The London and South region was founded in 1980 and its area covers London, Berkshire, Buckinghamshire, Essex, Hampshire, Kent, South Oxfordshire, Surrey and the Isle of Wight.
The London & South region runs two seasons of masterclasses and demonstrations that run from September to December and from January to May. In addition to this there are two annual visits to libraries, binderies, museums, tanneries or conservation studios.
Unless stated otherwise all events run from 10.30am – 3.30pm with a brief break for lunch and are held at The Congregational Chapel, Kelly Street, Kentish Town, NW1 8PH (map).
Tea and coffee are available throughout the day and there are local cafés and sandwich shops within a few minutes' walk.
Both masterclasses and visits are £10 for members and £15 for non-members. If applicable, materials are an additional charge.
Please contact David Lewis with any questions.
11 March 2017
Sue Hufton: Covering Letters (workshop)
Susan Hufton studied calligraphy at Roehampton with Ann Camp during 1977-80 and 1983-1986. She studied bookbinding with Jen Lindsay and letter carving with Tom Perkins. She works to commission making both private and public works, from large panels to small manuscript books, using a variety of materials. For six years she was one of the scribes of the Saint John's Bible.
Sue teaches at all levels, short courses and workshops in the UK and around the world, and has taught on full-time courses at Roehampton and Sunderland Universities. She is a short course tutor teaching lettering and bookbinding at West Dean College. Her work is exhibited regularly and is included in the V&A and Crafts Study Centre collections.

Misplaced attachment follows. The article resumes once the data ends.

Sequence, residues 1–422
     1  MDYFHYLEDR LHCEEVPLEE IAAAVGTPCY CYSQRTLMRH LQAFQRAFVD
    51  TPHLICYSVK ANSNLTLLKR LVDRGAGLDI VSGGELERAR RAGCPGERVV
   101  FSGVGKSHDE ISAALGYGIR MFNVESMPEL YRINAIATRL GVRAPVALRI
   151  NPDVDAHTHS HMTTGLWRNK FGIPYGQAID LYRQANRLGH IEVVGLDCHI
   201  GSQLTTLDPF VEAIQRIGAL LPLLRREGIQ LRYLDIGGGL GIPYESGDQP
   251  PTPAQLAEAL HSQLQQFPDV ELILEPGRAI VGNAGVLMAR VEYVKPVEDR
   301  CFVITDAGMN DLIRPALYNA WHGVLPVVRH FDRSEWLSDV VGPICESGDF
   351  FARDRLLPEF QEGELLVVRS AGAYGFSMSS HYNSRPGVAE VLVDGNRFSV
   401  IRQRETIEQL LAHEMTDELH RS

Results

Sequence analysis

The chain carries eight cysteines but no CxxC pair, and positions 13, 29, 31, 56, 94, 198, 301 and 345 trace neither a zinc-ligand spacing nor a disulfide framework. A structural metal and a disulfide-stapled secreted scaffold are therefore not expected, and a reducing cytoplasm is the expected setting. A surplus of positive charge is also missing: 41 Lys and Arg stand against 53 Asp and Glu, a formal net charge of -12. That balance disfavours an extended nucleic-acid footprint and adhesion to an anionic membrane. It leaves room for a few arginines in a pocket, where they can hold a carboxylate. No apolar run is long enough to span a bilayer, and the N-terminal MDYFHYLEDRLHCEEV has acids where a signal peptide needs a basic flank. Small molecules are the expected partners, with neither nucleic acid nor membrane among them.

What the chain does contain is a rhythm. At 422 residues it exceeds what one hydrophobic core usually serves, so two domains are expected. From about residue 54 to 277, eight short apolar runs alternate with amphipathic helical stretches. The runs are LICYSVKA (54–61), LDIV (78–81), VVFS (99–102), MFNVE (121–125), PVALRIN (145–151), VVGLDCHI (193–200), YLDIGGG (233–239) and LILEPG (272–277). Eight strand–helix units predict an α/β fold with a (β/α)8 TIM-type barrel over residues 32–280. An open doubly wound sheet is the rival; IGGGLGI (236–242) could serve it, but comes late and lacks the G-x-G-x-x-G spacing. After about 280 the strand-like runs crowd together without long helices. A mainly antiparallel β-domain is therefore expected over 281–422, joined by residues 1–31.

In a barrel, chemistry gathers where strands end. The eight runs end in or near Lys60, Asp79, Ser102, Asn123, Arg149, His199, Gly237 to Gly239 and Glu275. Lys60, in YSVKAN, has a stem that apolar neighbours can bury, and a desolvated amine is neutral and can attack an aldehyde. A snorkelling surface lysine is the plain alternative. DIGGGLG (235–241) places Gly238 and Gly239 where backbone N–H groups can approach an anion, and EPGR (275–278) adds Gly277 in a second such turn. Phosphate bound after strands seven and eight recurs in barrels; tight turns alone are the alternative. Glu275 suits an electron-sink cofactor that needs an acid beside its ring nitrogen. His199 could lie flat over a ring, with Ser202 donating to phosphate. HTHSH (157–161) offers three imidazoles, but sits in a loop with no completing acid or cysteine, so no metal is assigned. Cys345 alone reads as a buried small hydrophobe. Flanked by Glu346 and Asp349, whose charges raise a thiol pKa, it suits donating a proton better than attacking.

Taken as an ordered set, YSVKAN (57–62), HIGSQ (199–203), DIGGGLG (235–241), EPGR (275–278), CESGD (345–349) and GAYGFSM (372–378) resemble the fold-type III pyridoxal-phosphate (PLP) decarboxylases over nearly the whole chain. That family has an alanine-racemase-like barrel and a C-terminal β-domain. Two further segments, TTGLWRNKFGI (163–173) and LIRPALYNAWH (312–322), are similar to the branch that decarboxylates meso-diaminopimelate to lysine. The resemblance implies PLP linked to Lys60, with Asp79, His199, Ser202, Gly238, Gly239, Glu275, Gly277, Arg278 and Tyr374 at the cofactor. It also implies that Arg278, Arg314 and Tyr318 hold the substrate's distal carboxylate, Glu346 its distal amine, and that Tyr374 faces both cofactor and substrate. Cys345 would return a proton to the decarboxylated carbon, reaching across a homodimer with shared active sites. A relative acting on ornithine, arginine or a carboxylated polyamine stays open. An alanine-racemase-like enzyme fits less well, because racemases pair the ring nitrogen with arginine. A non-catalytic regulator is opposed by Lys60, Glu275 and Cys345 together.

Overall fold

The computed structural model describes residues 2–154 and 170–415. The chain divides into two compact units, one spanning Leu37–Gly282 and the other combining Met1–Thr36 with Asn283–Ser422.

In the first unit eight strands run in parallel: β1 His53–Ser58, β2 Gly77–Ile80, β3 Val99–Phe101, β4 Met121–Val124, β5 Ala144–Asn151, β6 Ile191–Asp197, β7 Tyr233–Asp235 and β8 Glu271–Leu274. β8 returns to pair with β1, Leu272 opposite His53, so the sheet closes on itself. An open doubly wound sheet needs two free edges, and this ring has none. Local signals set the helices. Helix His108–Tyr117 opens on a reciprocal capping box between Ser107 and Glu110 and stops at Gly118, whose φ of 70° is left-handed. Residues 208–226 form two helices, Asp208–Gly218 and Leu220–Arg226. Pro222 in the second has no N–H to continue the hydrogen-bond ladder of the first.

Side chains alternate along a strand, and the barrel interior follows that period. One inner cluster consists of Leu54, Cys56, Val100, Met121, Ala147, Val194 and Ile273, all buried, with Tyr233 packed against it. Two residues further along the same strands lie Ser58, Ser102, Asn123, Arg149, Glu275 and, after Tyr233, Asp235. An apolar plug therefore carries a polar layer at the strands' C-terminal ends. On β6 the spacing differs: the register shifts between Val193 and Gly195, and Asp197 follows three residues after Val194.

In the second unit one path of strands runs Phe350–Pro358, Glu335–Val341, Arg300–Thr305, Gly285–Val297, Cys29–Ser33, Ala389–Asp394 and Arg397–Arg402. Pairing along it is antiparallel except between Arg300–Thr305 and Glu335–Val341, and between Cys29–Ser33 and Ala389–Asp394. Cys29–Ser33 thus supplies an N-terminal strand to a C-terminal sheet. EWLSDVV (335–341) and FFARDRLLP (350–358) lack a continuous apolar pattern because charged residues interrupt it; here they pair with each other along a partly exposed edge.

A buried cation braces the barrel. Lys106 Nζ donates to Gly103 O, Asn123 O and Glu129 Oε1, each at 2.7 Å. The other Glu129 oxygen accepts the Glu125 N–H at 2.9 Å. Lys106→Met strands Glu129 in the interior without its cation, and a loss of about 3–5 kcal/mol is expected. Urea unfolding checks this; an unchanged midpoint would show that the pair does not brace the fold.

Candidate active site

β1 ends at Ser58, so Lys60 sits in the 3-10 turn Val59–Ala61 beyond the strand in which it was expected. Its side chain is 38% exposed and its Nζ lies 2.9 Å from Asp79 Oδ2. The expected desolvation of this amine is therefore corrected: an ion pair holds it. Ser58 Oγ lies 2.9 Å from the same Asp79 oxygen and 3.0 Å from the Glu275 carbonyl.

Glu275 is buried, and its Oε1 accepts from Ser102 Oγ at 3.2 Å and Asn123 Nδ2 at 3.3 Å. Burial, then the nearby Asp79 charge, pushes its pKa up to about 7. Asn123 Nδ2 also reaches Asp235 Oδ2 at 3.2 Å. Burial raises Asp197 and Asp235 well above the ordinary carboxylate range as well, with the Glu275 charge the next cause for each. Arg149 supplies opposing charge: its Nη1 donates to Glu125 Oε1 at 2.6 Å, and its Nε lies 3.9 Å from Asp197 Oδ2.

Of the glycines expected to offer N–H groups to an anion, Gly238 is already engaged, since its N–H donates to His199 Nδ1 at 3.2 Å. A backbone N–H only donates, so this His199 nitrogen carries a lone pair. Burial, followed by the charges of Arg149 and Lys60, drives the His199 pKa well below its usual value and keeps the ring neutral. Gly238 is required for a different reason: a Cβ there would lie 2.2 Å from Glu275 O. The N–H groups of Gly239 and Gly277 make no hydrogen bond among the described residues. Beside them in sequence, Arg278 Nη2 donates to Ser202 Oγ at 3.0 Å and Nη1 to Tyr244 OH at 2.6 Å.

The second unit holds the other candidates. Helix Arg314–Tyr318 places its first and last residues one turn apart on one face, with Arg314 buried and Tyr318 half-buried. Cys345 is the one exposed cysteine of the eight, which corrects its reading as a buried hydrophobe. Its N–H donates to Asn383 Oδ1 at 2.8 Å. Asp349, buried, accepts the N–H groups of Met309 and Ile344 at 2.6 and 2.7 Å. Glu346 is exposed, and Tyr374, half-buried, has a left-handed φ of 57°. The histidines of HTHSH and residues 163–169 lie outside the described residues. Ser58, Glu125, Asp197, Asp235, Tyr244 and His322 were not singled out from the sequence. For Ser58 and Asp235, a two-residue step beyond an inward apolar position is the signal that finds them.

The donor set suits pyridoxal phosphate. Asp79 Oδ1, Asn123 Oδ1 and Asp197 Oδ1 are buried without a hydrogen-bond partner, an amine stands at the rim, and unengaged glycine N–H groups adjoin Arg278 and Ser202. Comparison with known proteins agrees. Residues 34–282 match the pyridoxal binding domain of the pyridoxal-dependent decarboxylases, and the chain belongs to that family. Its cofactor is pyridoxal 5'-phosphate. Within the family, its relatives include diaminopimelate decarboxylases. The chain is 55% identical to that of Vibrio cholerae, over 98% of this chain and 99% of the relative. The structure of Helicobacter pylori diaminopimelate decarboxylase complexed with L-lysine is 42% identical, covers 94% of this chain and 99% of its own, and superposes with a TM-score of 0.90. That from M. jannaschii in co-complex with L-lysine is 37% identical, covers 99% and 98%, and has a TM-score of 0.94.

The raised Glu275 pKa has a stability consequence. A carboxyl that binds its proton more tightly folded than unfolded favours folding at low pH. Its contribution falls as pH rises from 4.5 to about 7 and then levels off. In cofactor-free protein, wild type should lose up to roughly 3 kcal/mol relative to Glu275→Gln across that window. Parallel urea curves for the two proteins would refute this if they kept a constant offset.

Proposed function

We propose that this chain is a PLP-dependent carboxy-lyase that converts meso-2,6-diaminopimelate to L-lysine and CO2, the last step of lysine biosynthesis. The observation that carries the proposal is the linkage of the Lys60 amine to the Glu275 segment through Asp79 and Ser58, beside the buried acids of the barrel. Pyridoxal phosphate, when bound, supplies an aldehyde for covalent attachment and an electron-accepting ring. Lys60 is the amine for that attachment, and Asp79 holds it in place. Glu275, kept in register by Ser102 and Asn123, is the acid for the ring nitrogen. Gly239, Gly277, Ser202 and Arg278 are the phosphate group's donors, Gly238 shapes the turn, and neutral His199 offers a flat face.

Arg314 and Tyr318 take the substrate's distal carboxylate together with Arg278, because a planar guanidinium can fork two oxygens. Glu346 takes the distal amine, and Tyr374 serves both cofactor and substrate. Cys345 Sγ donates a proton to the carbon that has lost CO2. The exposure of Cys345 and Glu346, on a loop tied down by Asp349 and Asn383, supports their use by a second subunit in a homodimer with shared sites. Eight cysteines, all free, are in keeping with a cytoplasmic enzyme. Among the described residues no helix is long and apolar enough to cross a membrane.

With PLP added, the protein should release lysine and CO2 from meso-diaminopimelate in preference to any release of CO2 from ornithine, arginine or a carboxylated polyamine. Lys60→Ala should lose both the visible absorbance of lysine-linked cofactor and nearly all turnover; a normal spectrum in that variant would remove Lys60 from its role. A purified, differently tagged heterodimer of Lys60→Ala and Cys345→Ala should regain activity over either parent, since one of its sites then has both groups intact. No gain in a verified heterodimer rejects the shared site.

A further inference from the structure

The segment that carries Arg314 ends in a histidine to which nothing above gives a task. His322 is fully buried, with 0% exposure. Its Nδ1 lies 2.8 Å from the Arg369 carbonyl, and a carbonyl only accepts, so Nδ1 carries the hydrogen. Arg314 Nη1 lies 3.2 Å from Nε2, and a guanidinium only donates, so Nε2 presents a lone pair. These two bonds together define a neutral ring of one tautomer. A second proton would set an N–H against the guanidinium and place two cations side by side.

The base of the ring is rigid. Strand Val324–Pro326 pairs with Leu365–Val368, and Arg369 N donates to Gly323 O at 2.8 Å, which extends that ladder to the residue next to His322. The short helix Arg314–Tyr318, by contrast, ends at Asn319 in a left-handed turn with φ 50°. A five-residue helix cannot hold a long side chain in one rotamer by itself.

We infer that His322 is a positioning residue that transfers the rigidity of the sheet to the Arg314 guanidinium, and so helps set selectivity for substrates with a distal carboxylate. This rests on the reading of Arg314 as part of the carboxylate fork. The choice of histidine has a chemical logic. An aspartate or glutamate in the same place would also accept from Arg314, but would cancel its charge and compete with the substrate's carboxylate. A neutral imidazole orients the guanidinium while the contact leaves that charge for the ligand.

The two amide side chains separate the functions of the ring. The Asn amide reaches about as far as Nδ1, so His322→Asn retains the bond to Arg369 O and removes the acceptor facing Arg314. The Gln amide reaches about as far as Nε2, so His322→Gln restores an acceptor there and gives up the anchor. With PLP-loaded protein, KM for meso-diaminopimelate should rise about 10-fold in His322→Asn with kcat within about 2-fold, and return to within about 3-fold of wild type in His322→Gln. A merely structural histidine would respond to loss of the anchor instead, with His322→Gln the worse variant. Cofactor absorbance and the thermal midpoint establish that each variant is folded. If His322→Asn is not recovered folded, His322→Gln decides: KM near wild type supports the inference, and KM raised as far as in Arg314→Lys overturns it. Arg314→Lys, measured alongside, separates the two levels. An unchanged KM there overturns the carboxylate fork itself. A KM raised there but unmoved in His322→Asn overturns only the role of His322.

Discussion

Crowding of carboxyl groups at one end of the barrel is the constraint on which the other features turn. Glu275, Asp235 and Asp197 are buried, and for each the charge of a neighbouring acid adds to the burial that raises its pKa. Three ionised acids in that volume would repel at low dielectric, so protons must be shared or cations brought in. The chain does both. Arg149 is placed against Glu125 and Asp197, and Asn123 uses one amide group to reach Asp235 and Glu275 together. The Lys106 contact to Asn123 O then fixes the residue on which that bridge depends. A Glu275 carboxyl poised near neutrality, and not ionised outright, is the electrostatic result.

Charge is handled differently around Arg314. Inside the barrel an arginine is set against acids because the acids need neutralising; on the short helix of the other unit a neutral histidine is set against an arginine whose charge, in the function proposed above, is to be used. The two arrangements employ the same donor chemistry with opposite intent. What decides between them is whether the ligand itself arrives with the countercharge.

Following an illustrated introduction of examples of hand lettering on hand bound books and a brief recap on the spacing of letters, Sue will demonstrate applying letters to book covers made of various materials other than leather (not her speciality): vellum, paper, cloth. Participants will then be able to experiment for themselves with a range of methods/techniques (pens, brushes, stencils, crayon, layering, etc). This will give people an opportunity to see and explore possibilities by practical means with the aim of taking away ideas to develop themselves.
Numbers limited to 15.
5 April 2017
Visit to The Imperial War Museum’s Conservation Laboratory, library stacks & art store
Imperial War Museums (IWM) is a leading authority on conflict and its impact, focusing on Britain, its former Empire and the Commonwealth, from the First World War to the present. A family of five museums, IWM illustrates and records all aspects of modern war and of the individual’s experience of it, whether allied or enemy, service or civilian, military or political, social or cultural. IWM was founded on 5 March 1917 when the War Cabinet approved a proposal by Sir Alfred Mond MP for the creation of a national war museum to record the events still taking place during the Great War. The intention was to collect and display material as a record of everyone’s experiences during that war - civilian and military - and to commemorate the sacrifices of all sections of society. The interest taken by the Dominion governments led to the renaming of the National War Museum to Imperial War Museum later in 1917. It was formally established by Act of Parliament in 1920.
The tour will start at the Conservation Laboratory in Austral Street and from there participants will be taken to the main museum (a five-minute walk away). Here, members will go to the library stacks for an informal talk on some of the interesting objects they hold and to the Art Store. This exceptional collection is one of the most important representations of twentieth century British art in the world. It includes many great works of art from the British government war art schemes of the First and Second World Wars, which employed the greatest artists of their day, including Paul Nash, C R W Nevinson, John Singer Sargent and Sir William Orpen. Today IWM continues to commission artists such as Steve McQueen, Roddy Buchanan and Susan Philipsz, and the collection reflects recent and contemporary conflicts including Northern Ireland, the Falklands, Bosnia, Iraq and Afghanistan.